- Digital transactions initiated through the website or mobile app grew 98% in the quarter, facilitated by the launch of Ria’s Money Transfer app across Europe in May (Note – Ria has its own definition of digital, which includes transfers that are either initiated or terminated in the digital or physical channels through methods other than cash). However, Ria continued to focus on agent locations, which rose 13% to 435,000 in this quarter. The shelter-in-place restrictions undermined the profitability of such investments, with a negative effect on operating income and EBITDA.
- For Ria, North America experienced 20% year-on-year transactions growth in the month of June, while the Europe and Africa’s business grew over 25% in the same month. Euronet expects Ria to achieve double-digit revenue growth and a lift in EBITDA in Q3.
- Euronet also wrote down its investment in XE by $82.7m, a sizeable proportion of the undisclosed amount it paid back in June 2015 citing Brexit and Covid-19. In truth, Euronet has yet to be able to fully translate the hundreds of millions of users of XE.com searching for currency rates to money transfer customers.
Overall, it is not yet clear if the rebounds seen in June and July plus the uptick in digital are here to stay. That is more a reflection on predicting the future of the pandemic, rather than the underlying companies.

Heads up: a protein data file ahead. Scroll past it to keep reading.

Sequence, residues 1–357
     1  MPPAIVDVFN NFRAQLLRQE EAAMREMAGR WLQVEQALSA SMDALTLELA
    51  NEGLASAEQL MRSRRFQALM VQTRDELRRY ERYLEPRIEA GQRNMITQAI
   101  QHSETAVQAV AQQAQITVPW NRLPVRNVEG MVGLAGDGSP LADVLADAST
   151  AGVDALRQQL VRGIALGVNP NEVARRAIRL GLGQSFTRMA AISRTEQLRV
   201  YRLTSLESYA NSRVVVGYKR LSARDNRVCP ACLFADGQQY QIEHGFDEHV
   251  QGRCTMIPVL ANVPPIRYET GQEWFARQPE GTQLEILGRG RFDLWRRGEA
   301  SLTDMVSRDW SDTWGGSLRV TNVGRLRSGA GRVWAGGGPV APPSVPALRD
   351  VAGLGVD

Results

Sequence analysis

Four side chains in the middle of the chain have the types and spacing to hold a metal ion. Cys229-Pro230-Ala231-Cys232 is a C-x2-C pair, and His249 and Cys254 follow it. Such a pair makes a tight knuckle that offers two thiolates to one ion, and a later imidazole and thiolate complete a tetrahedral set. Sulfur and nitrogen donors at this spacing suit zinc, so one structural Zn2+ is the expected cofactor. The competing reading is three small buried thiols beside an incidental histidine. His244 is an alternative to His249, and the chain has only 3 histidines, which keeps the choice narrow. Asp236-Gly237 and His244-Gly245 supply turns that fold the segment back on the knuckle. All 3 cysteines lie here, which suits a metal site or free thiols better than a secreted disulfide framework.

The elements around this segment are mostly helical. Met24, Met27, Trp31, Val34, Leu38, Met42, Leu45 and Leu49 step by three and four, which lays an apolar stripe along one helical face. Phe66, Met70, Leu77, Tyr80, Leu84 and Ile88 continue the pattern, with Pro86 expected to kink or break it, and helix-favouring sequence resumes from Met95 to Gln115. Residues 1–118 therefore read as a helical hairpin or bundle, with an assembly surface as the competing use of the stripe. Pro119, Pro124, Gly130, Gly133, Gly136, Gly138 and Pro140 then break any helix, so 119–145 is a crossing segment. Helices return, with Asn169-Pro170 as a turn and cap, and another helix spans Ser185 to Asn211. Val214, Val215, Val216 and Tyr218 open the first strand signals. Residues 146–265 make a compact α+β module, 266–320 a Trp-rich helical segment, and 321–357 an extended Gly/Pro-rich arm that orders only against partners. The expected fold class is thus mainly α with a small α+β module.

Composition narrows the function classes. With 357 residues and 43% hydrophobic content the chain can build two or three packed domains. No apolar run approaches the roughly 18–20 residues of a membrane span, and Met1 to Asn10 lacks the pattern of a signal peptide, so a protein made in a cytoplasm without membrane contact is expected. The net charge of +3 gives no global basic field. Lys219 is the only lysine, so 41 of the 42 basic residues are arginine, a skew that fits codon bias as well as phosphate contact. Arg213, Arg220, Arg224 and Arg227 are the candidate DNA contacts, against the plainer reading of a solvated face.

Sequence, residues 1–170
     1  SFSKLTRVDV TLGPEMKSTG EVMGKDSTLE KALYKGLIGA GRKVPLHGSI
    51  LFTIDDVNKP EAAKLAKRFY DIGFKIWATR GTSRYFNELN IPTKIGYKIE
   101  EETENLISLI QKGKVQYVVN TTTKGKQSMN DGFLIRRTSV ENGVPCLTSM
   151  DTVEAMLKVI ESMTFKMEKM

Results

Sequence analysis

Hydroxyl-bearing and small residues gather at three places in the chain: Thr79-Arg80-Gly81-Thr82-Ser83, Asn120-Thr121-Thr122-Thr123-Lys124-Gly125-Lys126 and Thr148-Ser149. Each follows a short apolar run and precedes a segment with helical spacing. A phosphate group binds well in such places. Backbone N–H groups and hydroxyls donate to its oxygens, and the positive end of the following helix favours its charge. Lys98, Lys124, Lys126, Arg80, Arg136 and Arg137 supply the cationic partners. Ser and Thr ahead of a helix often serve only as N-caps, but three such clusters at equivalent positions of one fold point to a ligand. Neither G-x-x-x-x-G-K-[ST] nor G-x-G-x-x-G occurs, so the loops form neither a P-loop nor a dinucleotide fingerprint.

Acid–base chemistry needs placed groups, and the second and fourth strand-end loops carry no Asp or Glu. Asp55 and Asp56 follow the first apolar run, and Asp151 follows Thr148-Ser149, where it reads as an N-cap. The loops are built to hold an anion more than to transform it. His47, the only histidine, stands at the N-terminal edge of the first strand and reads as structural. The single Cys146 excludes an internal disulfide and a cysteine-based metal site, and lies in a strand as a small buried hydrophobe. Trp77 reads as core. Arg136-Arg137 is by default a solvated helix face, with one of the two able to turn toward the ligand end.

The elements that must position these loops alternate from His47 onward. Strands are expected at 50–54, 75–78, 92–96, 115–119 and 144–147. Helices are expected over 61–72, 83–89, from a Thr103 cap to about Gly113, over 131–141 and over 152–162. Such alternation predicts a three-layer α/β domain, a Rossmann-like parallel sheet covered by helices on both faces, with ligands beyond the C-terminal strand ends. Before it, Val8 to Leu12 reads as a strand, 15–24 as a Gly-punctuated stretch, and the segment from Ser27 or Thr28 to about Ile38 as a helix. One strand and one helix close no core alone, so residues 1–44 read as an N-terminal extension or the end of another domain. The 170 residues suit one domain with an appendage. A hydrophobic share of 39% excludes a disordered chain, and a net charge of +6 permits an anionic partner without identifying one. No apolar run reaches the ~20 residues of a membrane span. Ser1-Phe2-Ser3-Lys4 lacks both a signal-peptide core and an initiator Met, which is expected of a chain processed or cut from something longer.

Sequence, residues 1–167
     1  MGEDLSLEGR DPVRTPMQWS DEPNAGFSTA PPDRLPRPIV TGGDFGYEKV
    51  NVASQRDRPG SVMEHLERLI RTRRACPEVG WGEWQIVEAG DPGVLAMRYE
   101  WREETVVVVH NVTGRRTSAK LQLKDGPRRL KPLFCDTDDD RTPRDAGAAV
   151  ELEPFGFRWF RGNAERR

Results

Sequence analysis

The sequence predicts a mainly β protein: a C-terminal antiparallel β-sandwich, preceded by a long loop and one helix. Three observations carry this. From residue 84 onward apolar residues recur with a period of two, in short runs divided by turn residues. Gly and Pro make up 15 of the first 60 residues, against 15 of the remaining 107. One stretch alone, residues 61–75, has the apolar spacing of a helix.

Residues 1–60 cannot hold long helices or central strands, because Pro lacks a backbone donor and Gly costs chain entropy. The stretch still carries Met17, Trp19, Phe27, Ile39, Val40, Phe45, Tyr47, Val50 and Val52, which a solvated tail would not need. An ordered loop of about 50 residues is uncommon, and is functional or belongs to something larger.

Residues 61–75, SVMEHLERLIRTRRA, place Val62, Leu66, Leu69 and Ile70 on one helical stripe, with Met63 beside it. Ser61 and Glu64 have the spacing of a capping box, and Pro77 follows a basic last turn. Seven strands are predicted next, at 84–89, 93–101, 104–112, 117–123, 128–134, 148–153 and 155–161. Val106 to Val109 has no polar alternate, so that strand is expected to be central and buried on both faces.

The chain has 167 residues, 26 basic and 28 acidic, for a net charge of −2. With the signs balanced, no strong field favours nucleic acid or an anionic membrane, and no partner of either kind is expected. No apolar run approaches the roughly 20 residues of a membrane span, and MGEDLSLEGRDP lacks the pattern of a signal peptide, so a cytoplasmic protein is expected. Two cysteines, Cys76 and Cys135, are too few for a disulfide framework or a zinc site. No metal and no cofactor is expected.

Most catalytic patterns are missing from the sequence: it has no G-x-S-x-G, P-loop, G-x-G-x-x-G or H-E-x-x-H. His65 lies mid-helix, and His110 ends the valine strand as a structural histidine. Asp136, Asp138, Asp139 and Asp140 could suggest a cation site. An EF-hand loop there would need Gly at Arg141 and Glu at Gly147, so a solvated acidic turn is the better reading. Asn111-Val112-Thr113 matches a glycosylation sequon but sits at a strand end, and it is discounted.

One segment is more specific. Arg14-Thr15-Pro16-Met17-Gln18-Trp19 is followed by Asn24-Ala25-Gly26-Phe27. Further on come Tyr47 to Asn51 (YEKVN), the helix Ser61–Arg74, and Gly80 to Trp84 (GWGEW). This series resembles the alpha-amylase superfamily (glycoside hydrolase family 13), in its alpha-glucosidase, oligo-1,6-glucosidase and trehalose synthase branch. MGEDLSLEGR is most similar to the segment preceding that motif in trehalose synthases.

Remitly reaches unicorn status
We talked this week with Matt Oppenheimer, Co-Founder and CEO of Remitly and Laurent Le Moal, CEO of major fintech investor PayU who led the latest round.
Matt on what’s driven the recent validation of a unicorn valuation:
- Remitly has now served three million customers and its customer growth went up 200% between May 2019 and May 2020.
- Remitly has branched out its product offering bringing its immigrant bank account to the US (including a partnership with Greendot to facilitate cash pay ins). This product extension redefines its total addressable market (it’s TAM in venture capital speak) above and beyond remittances.
- And Matt’s focus now – “I used to think it was about speed, I used to think it was about price. While those things matter, it’s all about trust.”
Laurent on why PayU led the round:
As context, PayU’s focus is on high growth markets – namely India, Africa, Latin America and Central Europe, many of which Remitly’s customers send money to.
- “Remitly is a reflection of Matt and [Co-Founder] Josh. It’s as simple as that. That’s why we have one bet, and it’s a bet on the team.”
- On the product side – Laurent highlighted how the nuances of Remitly’s product around price, speed and usability have supported its high retention rates
With plenty of positives, there are some challenges Remitly will have to face:
1) Competition. The incumbents, as outlined above, have really focused on their own digital plays having previously neglected the segment. The leading fintechs are also gaining scale and corridor specialists are also emerging. Competitive pricing and similar products will continue to add pressure to growth.
2) Lower barriers to entry. Whilst Remitly’s push into digital banking expands its offering, the emergence of banking as a service (which we’ve covered in depth) means the barrier to entry for competitors to launch a similar product is greatly reducing.